Talk to your doctor about what to do if you get symptoms of a yeast infection of the vagina or penis.
Do not take INVOKANA® if you:
- are allergic to canagliflozin or any of the ingredients in INVOKANA®. Symptoms of allergic reaction may include: rash; raised red patches on your skin (hives); or swelling of the face, lips, tongue, and throat that may cause difficulty in breathing or swallowing
- have severe kidney problems or are on dialysis
Before you take INVOKANA®, tell your doctor if you have kidney problems; liver problems; pancreas problems; are on a low sodium (salt) diet; are going to have surgery; are eating less due to illness, surgery, or a very low calorie diet; ever had an allergic reaction to INVOKANA®; drink alcohol very often (or drink a lot of alcohol in short-term); or have other medical conditions.
Tell your doctor if you are or plan to become pregnant, are breastfeeding, or plan to breastfeed. It is not known if INVOKANA® will harm your unborn baby. It is also not known if INVOKANA® passes into your breast milk.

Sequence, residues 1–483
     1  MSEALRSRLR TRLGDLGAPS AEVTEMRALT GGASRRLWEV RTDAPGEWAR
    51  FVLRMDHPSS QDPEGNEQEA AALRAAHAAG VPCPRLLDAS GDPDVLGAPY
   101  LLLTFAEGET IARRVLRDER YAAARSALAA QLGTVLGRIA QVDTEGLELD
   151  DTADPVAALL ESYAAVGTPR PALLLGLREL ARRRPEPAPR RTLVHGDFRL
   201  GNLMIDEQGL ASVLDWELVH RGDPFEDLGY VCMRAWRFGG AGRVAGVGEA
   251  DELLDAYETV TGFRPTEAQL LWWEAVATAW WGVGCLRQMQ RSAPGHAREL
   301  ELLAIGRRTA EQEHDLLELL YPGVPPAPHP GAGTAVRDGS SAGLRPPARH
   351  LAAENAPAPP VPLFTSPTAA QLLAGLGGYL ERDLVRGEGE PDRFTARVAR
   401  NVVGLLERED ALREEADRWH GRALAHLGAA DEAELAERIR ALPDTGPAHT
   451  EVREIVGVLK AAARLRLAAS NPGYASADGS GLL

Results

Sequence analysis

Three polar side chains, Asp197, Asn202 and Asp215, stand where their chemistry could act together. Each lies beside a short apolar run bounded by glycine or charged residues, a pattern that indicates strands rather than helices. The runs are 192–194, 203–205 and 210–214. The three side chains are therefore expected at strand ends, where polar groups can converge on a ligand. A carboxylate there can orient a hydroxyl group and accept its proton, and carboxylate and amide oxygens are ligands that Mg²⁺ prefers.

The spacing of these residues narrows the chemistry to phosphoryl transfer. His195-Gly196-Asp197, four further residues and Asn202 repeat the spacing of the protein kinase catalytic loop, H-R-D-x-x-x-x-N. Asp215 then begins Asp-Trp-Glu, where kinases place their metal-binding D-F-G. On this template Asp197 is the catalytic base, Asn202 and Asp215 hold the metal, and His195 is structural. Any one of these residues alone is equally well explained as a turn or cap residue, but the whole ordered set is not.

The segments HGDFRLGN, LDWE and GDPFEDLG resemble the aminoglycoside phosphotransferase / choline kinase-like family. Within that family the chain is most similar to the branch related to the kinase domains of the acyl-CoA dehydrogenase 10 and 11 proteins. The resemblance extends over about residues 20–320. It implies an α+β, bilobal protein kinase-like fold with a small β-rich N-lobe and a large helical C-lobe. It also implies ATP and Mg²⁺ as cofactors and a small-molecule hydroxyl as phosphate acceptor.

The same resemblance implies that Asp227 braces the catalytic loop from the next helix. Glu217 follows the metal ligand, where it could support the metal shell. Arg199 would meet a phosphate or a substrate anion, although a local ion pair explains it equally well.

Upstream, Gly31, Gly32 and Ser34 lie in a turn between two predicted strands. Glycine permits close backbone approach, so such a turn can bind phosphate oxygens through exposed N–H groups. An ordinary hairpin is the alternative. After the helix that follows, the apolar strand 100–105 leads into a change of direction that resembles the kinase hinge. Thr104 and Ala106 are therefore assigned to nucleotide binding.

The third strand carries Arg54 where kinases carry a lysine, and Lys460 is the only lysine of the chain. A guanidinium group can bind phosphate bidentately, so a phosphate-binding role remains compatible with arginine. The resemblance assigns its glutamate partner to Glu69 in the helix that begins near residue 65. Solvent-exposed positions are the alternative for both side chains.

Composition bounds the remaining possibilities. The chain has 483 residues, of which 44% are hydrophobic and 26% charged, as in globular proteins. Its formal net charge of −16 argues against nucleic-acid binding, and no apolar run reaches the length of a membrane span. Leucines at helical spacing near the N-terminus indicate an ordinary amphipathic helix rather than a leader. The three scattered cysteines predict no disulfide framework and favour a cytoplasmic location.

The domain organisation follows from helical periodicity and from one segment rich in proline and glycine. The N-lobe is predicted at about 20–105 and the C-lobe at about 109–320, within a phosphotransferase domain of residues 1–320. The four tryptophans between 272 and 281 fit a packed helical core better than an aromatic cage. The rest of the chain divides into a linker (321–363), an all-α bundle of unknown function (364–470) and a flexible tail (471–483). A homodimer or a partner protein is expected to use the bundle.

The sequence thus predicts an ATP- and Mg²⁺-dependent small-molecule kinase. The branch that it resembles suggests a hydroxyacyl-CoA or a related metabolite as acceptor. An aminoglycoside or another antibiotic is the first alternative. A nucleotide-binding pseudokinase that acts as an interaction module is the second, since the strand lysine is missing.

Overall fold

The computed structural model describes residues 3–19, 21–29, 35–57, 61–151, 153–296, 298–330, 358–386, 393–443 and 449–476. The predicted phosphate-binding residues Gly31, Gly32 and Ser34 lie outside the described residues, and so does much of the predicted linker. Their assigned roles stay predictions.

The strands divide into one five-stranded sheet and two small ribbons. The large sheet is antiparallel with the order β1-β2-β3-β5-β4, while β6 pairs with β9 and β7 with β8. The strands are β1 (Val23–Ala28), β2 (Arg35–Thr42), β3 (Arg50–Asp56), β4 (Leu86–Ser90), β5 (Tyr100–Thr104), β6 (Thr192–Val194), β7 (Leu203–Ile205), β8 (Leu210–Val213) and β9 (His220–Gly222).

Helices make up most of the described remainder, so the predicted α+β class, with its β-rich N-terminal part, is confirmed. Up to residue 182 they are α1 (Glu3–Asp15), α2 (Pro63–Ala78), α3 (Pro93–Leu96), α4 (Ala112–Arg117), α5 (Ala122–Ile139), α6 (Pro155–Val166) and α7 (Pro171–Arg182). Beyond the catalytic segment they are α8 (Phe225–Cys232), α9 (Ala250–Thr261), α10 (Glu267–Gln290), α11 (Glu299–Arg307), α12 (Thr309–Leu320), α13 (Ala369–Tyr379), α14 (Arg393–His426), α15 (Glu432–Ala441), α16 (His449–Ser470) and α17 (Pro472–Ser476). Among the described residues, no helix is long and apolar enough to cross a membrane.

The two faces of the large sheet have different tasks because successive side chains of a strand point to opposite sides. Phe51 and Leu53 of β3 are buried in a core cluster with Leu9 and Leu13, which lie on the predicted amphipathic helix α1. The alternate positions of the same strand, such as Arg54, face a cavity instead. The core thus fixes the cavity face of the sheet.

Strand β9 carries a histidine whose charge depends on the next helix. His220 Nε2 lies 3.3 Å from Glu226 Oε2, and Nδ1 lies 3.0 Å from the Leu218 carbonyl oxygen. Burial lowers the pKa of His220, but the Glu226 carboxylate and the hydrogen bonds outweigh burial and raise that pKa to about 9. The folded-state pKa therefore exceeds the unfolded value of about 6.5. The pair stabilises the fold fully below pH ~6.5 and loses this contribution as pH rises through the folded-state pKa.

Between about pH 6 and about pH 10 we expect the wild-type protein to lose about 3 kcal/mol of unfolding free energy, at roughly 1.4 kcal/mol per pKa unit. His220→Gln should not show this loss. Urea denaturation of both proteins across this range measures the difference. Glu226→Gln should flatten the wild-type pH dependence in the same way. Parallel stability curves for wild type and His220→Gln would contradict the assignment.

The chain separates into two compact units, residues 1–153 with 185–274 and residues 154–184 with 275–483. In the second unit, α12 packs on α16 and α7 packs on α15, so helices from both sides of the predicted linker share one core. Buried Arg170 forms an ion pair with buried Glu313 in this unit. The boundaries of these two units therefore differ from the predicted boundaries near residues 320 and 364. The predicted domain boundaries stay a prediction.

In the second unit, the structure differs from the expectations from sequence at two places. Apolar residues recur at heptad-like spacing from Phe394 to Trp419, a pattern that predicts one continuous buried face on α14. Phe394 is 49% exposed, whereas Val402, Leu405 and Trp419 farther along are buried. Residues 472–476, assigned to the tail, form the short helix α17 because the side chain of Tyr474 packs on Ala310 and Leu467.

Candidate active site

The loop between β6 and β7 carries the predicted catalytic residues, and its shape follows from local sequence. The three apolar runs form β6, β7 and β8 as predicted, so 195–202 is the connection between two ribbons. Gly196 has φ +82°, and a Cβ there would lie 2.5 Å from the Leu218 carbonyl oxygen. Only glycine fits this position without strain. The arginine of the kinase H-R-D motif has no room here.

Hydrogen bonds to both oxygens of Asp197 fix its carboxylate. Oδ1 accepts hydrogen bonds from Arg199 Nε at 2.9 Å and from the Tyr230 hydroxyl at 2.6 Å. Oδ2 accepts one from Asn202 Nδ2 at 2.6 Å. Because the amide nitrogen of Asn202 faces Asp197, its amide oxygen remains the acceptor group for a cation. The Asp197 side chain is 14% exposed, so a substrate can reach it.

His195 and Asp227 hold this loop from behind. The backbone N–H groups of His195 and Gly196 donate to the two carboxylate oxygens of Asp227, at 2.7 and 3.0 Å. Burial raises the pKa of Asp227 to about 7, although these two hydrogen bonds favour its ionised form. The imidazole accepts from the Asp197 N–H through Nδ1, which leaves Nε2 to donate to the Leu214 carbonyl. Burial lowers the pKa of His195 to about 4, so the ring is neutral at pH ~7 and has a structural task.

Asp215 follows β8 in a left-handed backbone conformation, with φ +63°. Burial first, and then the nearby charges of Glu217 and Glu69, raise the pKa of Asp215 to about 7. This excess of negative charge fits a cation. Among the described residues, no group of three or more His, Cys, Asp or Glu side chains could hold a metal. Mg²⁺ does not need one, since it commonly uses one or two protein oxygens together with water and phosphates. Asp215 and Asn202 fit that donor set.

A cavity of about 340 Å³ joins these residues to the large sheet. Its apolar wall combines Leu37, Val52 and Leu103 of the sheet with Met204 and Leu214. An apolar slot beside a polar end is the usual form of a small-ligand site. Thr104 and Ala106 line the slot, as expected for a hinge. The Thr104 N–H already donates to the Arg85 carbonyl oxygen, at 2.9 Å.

Tell your doctor about all the medicines you take, including prescription and non-prescription medicines, vitamins, and herbal supplements. Especially tell your doctor if you take diuretics (water pills), rifampin (used to treat or prevent tuberculosis), phenytoin or phenobarbital (used to control seizures), ritonavir (Norvir®, Kaletra® – used to treat HIV infection), or digoxin (Lanoxin®– used to treat heart problems).
Possible Side Effects of INVOKANA®
INVOKANA® may cause serious side effects, including:
- Ketoacidosis (increased ketones in your blood or urine) can happen with INVOKANA®, even if your blood sugar is less than 250 mg/dL. Stop taking INVOKANA® and call your doctor right away if you get any of the following symptoms: nausea, vomiting, stomach-area pain, tiredness, or trouble breathing
- Kidney problems, a high amount of potassium in your blood (hyperkalemia), or low blood sugar (hypoglycemia). If you take INVOKANA® with another medicine that can cause low blood sugar, such as a sulfonylurea or insulin, your risk of getting low blood sugar is higher. The dose of your sulfonylurea medicine or insulin may need to be lowered while you take INVOKANA®